Bangor doctor closes practice in wake of employee’s billing fraud

Robert Grover
John Clarke Russ | BDN
Robert Grover Buy Photo
Posted Dec. 31, 2013, at 2:48 p.m.
Last modified Jan. 02, 2014, at 1:42 p.m.

BANGOR, Maine — A Bangor gynecologist has abruptly shuttered his women’s health center after settling a federal complaint over false billing and filing for bankruptcy earlier this year.

Dr. Robert A. Grover closed Bangor Women’s HealthCare effective Dec. 19 “due to unforeseen circumstances,” according to a notice on the practice’s website.

Grover, also owner of the Maine Center for Continence and Pelvic Disorders and the Laser Vaginal Rejuvenation Institute, agreed in March to pay nearly $300,000 to settle a federal complaint over improper billing of Medicare and MaineCare.

In the summer of 2009, Grover informed federal regulators about billing problems that included overbilling for various gynecological services and billing for services that were never performed.

Self-reporting mistakes and violations can allow individuals and businesses to avoid steeper monetary penalties under certain circumstances.

After an investigation by the U.S. Attorney’s Office, U.S. Department of Health and Human Services, and the Maine Attorney General’s Office, Grover and Bangor Women’s HealthCare became the subjects of a civil complaint alleging violation of the federal False Claims Act from January 2008 through January 2009 for the improper billing. Grover cooperated with the investigation.

In a related criminal action brought in 2011, a former employee of Bangor Women ’s HealthCare pleaded guilty to fraud charges and was sentenced to more than three years in prison. Dawn Zehrung, who worked at the practice from June 2006 to January 2009 and was solely responsible for billing in 2008, admitted to submitting fake bills to insurance companies and naming herself as a patient for services she did not receive, according to the U.S. Attorney’s Office. The practice was overpaid by Anthem Blue Cross Blue Shield, MaineCare and Medicare by more than $300,000.

Zehrung, who personally used some of the funds according to Grover’s bankruptcy filing, was sentenced in August 2011 and ordered to pay $355,000 in restitution. She was required to begin payments while serving her prison term, said Virginia Villa, Zehrung’s public defender in the case.

Grover’s practice spent the overpayments, though Zehrung received a portion of it as bonuses based on the practice’s increase in income, according to Villa. The practice claimed Zehrung received about $32,500 in unauthorized monies, she said.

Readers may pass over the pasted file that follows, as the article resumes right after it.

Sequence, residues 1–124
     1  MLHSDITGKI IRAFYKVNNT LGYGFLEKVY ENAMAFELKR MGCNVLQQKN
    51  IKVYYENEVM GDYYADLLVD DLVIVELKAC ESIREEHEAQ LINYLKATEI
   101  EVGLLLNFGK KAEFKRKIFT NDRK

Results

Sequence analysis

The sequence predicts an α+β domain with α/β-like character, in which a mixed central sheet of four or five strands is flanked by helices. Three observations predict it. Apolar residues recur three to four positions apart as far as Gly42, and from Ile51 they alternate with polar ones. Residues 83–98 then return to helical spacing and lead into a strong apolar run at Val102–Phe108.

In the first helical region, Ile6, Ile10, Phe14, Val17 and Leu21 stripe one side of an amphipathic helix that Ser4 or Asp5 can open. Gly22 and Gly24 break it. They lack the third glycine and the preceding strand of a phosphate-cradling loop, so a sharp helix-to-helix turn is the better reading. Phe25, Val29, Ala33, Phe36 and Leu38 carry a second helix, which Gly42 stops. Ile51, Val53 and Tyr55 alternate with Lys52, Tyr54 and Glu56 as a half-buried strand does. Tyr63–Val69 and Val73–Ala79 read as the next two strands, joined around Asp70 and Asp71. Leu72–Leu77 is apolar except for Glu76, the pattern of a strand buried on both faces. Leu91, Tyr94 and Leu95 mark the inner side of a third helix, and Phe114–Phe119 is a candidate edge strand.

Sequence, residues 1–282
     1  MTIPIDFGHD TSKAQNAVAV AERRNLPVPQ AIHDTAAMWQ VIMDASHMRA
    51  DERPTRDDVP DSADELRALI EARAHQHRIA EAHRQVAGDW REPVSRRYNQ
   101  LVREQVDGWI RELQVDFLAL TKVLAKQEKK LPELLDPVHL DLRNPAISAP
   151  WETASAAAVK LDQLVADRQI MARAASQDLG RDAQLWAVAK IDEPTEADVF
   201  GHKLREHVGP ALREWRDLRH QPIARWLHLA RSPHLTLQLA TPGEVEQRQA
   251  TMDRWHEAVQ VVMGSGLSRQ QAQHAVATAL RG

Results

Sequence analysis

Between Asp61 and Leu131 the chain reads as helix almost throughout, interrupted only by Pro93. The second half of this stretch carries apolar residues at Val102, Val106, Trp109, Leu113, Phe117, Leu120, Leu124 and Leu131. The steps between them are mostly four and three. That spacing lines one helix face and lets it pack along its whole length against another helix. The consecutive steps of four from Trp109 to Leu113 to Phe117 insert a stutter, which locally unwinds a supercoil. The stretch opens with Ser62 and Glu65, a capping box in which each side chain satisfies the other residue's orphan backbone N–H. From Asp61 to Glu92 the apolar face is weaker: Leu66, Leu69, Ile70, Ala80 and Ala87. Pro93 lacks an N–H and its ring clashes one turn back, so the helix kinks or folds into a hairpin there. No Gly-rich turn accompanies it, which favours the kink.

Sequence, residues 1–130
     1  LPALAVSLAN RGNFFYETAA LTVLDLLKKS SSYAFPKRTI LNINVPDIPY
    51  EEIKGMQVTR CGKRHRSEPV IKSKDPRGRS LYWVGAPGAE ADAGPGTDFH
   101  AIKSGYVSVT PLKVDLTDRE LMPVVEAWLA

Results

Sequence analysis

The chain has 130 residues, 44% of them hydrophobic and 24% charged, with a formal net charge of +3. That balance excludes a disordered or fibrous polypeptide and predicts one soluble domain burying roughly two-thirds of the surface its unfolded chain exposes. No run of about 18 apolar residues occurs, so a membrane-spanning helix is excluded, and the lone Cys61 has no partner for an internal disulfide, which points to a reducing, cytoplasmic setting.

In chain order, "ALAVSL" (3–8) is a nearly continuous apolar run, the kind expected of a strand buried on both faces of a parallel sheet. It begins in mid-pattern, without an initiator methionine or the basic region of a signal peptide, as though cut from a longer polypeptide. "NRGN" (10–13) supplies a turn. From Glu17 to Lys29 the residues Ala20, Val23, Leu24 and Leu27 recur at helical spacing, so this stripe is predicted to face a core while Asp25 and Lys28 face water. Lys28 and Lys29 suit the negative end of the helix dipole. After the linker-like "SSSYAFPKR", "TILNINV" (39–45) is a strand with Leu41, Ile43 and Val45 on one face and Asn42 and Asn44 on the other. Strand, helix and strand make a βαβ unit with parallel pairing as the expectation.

“Ms. Zehrung regrets her actions and is saddened by the closure of the practice,” Villa wrote in an email.

Grover has been shouldering repayments through his settlement agreement.

At her sentencing, Grover told the federal judge that Zehrung’s actions “led our practice to the brink of financial ruin.”

He filed for bankruptcy at U.S. Bankruptcy Court in Bangor on behalf of the State Street practice in May. The bankruptcy case remains ongoing.

Grover is making payments on the restitution, said Portland attorney Jay McCloskey, who represented the physician. Grover had hoped to keep the practice open despite the bankruptcy, he said, but the sizable repayments “would have been such a hole that it was difficult to crawl out,” McCloskey said.

A review by a U.S. trustee included in the court documents states that Grover, “despite no wrongdoing,” was forced to file for bankruptcy because he had to repay the overbillings. The review also cites as outstanding debts the purchase of office equipment, business loans, professional dues and trade creditors.

The practice employed eight people.

Grover, an osteopathic doctor, has clinical privileges at Eastern Maine Medical Center and performed surgery at both EMMC and St. Joseph Hospital. He resigned his clinical privileges at St. Joseph as of Dec. 23, according to a hospital spokeswoman.

He has run his practice since 1994 and his Maine medical license remains active, according to a state licensing database.

Attempts to reach Grover for comment were unsuccessful. His patients’ medical records were transferred to another local obstetrician-gynecologist, according to the notice on his practice’s website. Grover left no forwarding information at that office or at EMMC. McCloskey did not have information about Grover’s future plans.

Clarification: This article has been updated to clarify that Dawn Zehrung received only a portion of the practice’s overbillings in the form of bonuses, and was ordered to begin paying restitution while in prison, according to her attorney.

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